The BC Office of the Information and Privacy Commissioner is investigating the legal nature and practices of British Columbia’s two police chief associations and, as part of that process, will be soliciting public input until January 17th, 2014. Commissioner Elizabeth Denham is considering whether to recommend that the BC Association of Chiefs of Police (BCACP) and BC Association of Municipal Chiefs of Police (BCAMCP) should be declared to be “public bodies” and be made subject to the Freedom of Information and Protection of Privacy Act (FIPPA). The OIPC’s official announcement will appear within the next few days. (Dec. 11: Her letter to stakeholders has now been released.)
This inquiry comes after I submitted to the OIPC in late October a 9-page letter and about 70 pages of evidence showing that the BCACP and BCAMCP have been secretly operating as de facto governing bodies for all police forces in British Columbia for decades.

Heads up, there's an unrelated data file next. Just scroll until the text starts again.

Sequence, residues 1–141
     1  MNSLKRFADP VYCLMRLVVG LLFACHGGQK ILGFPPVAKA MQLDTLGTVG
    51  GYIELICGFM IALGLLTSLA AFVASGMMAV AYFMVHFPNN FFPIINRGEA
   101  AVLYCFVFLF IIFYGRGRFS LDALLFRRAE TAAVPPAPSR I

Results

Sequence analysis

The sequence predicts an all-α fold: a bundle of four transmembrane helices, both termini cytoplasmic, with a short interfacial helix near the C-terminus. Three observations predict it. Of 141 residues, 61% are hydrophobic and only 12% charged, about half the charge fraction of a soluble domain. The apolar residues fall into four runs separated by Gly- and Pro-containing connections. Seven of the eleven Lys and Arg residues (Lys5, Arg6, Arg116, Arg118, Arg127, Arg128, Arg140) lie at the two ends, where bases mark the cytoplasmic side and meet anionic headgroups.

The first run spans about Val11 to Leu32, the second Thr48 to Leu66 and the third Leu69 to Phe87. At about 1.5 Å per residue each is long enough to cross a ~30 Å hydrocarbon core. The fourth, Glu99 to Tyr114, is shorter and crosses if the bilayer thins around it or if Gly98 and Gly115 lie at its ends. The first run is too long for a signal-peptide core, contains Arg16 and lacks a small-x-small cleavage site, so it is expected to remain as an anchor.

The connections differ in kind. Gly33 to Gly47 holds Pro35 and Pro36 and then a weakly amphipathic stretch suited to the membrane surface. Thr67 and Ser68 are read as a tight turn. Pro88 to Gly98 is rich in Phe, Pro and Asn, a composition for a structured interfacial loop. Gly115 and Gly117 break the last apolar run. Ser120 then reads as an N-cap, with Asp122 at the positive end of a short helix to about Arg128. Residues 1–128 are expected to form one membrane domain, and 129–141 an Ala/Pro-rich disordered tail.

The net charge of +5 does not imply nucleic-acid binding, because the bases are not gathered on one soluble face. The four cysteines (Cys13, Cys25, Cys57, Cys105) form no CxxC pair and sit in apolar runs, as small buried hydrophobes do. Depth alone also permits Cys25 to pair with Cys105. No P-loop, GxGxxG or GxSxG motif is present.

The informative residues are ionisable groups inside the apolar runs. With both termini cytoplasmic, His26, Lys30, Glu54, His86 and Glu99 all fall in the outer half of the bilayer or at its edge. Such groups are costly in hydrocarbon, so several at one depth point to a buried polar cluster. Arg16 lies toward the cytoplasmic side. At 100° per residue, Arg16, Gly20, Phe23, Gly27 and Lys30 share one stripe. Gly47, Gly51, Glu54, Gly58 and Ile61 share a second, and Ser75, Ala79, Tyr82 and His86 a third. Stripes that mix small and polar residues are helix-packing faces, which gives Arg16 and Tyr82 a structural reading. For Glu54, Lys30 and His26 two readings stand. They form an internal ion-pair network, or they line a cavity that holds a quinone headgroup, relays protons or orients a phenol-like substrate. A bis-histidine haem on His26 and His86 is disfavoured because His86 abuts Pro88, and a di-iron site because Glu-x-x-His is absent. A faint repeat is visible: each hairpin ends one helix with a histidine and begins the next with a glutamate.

The key issue here is important: BC police chiefs certainly should have the freedom to associate with each other in private, and to lobby government and publicly advocate. At the same time, however, it’s vital that important decisions by our police chiefs that affect the governance and operations of our public police forces should be reasonably transparent and accountable to the public. The problem is the way that our police chief associations are doing these two things at the same time, at the same meetings; the associations are operating as both private lobby groups and as public bodies, and up until now they have been doing it all in absolute secrecy out of the reach of laws covering either public or private bodies.
So either the associations must change the way they do business by clearly separating their private activities from their public activities, or the associations must be ...Click for Full Post and Comments